Q: That’s so true.

Yongman Kim: At the same time, Sgarbi offered a beautiful home to house the collection. I checked many other houses available in the area. Though it was abandoned, the house was still very beautiful and ancient — it could have been a thousand years old — but it was still in very good shape. So, with the day of the program and my collection, I expected it to be something that would do very well there. That’s the reason why I decided to send the collection over to Sicily.

Q: Considering your aspirations to be in the film industry, you made a film, “One-Third” as a director/producer and you also produce some films like “301, 302” and “Farewell, My Darling.” Are you still continuing in that direction? Do you have any projects that you’re working on or are you totally separate from the film industry right now? 

Yongman Kim: I can’t explain it, but throughout my life, I can’t live without film. It’s a part of my brain and body. I can’t stay away from it. However, I’ve always had priorities. As I get older, I have to be more realistic. Yes, I’ve had a trilogy film project that I’ve wanted to make. There was a reason why I called it “One-Third.” That’s the base, but I wish I had the script for “Two-Thirds” and “Three-Thirds.”

I still want to make films, but as you know, making films is no joke. It takes a lot of effort and sweat to be invested into it and a lot of collaboration is required and so forth. I’ve been waiting and waiting — and all of a sudden, more than 10 years have already passed. So, my passions are still in it but realistically, I need more resources to put into it to make things happen. My answer is, yes, I still have my heart in it, but I’m also looking for more practical timing.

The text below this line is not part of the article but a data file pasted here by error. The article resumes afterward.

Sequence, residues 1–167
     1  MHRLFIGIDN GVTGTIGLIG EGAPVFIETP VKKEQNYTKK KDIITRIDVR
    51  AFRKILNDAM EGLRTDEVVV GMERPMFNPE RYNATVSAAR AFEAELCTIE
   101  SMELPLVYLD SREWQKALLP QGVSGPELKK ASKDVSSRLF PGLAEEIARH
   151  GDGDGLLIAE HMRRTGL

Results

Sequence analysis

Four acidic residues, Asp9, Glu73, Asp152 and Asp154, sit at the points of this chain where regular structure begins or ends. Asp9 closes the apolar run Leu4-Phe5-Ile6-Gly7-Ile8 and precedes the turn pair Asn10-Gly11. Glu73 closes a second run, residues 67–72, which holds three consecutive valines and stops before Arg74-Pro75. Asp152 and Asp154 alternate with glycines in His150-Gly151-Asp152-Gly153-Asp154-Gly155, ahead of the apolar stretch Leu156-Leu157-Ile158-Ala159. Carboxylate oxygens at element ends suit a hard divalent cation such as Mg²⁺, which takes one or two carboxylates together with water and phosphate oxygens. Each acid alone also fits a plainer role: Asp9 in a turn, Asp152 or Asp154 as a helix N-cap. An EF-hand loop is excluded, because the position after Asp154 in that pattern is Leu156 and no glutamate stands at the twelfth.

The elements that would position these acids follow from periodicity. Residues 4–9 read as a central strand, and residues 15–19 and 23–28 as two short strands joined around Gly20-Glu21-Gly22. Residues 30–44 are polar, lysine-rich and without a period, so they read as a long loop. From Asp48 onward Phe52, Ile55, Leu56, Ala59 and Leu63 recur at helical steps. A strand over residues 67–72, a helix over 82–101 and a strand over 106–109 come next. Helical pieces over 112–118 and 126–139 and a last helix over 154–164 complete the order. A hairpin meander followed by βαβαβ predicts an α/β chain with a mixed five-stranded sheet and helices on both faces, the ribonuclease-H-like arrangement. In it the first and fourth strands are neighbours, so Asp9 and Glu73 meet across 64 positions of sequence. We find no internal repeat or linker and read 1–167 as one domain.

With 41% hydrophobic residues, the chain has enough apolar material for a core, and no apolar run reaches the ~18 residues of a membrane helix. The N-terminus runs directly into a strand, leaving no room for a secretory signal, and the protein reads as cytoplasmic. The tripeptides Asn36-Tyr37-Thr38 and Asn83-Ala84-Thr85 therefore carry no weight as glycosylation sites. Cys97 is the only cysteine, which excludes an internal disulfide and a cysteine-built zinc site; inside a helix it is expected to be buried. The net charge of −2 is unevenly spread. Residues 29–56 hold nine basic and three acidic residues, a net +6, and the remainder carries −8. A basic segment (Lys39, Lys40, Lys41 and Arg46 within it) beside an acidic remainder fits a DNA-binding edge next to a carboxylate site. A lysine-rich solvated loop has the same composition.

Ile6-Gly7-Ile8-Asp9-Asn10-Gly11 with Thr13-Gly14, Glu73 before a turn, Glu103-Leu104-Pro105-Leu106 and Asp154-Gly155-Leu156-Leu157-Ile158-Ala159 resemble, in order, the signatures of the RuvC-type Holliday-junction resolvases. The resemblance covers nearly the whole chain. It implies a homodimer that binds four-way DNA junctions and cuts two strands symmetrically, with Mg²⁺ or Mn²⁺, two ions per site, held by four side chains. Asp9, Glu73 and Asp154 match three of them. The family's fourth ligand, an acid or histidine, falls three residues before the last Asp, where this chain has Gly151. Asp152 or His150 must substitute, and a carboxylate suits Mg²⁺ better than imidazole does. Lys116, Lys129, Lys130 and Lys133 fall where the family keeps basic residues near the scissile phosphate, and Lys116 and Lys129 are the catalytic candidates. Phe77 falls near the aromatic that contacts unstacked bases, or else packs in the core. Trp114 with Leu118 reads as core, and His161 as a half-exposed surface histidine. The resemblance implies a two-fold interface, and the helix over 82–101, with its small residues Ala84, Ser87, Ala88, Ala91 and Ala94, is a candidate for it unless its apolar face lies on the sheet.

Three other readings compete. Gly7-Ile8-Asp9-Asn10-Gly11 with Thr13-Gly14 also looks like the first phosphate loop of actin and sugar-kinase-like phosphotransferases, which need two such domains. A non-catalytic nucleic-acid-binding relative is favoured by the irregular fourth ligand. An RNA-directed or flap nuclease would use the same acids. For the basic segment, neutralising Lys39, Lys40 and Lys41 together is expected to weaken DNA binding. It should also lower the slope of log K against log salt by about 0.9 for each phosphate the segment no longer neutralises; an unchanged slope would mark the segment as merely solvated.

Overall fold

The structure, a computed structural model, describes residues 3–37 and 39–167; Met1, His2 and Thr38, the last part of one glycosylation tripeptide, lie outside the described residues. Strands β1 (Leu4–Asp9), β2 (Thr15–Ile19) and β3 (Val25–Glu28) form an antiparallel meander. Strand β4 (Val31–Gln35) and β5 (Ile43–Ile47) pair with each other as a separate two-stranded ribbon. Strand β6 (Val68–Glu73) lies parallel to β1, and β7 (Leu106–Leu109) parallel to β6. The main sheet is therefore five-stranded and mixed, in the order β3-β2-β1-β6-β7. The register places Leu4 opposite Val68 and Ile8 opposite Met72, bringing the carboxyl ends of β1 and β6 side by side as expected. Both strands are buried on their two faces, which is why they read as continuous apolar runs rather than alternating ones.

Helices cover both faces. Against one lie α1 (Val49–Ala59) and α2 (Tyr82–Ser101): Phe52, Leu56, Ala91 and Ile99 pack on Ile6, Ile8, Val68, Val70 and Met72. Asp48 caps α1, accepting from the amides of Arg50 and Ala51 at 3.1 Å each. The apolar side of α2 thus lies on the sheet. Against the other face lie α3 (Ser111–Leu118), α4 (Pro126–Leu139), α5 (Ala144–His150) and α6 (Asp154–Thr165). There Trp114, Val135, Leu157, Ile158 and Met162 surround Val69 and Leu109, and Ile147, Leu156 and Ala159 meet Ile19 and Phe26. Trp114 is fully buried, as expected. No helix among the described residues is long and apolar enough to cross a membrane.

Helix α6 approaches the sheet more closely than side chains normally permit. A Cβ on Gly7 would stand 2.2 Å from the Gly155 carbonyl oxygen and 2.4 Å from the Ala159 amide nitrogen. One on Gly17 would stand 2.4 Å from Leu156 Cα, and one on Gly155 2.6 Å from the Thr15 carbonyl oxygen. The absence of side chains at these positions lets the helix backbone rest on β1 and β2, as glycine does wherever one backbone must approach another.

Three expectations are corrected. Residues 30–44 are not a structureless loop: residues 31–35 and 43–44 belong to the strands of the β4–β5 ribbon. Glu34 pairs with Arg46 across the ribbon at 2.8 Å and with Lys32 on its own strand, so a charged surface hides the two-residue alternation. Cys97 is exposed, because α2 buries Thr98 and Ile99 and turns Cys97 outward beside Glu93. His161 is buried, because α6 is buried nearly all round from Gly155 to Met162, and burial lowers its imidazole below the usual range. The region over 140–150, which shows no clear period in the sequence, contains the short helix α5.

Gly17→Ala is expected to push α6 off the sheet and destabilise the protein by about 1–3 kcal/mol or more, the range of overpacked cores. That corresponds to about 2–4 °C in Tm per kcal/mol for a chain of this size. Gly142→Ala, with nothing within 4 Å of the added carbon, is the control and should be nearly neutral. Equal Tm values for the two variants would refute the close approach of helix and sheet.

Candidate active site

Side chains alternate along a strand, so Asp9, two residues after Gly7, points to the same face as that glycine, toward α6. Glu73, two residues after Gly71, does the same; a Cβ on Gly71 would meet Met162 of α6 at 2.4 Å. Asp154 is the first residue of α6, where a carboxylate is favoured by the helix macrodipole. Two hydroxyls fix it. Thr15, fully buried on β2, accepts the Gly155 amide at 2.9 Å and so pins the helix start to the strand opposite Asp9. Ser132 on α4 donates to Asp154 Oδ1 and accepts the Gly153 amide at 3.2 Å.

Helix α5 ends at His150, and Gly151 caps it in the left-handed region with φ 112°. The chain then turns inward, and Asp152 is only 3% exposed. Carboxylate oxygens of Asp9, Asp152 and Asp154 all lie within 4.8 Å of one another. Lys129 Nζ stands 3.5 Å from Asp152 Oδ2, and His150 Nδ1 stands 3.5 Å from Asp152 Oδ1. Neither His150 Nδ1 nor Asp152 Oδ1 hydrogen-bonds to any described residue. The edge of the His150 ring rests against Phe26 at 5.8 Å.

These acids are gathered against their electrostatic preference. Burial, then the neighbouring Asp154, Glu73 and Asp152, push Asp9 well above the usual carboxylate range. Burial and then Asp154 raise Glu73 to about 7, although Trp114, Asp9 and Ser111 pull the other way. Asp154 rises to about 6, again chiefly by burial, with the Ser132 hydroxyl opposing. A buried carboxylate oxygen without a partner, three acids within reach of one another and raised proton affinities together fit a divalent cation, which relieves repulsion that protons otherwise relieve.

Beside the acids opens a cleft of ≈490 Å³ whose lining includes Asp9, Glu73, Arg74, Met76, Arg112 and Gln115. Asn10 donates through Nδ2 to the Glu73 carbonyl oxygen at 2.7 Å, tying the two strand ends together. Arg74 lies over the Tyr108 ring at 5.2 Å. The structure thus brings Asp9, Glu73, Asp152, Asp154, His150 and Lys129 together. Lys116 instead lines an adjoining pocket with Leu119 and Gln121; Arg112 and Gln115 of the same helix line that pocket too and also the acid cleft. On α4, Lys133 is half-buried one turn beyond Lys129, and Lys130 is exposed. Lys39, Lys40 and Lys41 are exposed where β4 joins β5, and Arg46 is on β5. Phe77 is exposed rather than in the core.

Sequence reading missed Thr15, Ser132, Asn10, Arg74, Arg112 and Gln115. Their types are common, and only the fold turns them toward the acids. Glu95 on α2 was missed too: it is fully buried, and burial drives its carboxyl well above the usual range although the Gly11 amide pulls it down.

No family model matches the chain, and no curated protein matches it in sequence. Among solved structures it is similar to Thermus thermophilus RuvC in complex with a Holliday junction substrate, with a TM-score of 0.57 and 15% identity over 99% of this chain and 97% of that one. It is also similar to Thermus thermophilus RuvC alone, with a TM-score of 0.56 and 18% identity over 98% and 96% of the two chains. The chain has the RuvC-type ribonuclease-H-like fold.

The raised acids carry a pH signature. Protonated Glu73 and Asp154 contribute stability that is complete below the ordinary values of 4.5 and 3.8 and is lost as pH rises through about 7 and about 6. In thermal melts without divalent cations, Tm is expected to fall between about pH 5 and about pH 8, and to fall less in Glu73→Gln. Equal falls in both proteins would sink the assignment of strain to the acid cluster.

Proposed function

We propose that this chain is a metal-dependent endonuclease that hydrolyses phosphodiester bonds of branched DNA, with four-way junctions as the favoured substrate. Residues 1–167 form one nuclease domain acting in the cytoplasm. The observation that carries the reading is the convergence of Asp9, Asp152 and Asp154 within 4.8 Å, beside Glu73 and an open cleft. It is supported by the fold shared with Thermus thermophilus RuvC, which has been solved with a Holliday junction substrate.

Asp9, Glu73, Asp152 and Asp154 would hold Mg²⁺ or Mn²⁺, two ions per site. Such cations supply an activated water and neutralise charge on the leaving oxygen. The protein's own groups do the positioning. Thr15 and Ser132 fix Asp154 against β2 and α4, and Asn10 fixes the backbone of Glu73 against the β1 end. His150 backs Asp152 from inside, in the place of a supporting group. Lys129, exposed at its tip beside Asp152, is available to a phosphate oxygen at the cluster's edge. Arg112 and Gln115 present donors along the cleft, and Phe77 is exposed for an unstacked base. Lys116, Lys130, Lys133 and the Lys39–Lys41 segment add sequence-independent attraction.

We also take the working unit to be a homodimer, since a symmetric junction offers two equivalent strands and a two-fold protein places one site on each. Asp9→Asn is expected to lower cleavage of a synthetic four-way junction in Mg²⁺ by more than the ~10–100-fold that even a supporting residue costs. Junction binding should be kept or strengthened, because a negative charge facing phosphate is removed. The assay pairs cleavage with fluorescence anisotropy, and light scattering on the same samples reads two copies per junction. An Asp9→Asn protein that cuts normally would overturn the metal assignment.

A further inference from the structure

Q: How did you strike the deal with Alamo Drafthouse founder Tim League to allow your collection to be showcased there? 

Yongman Kim: When directors David Redmon and Ashley Sabin approached me about the documentary, there were about four or five other offers and proposals out there but I turned them all down. I wasn’t interested in them. But with David and Ashley, they already had a lot of footage from working on the story of Kim’s Video for about three years without my permission.

I was very inspired and impressed considering what they had to work with from the start. I agreed to work with them on the project, under the condition that they find a good, realistic shelter in the US for my collection. We continued our search anew, sticking to my three original conditions without alteration. It was tough going but eventually David got through to Alamo Drafthouse owner Tim League and after that, everything went very smoothly. That’s how Kim’s Video collection returned to the USA and to Manhattan’s Alamo Drafthouse.

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Here’s the trailer of the film.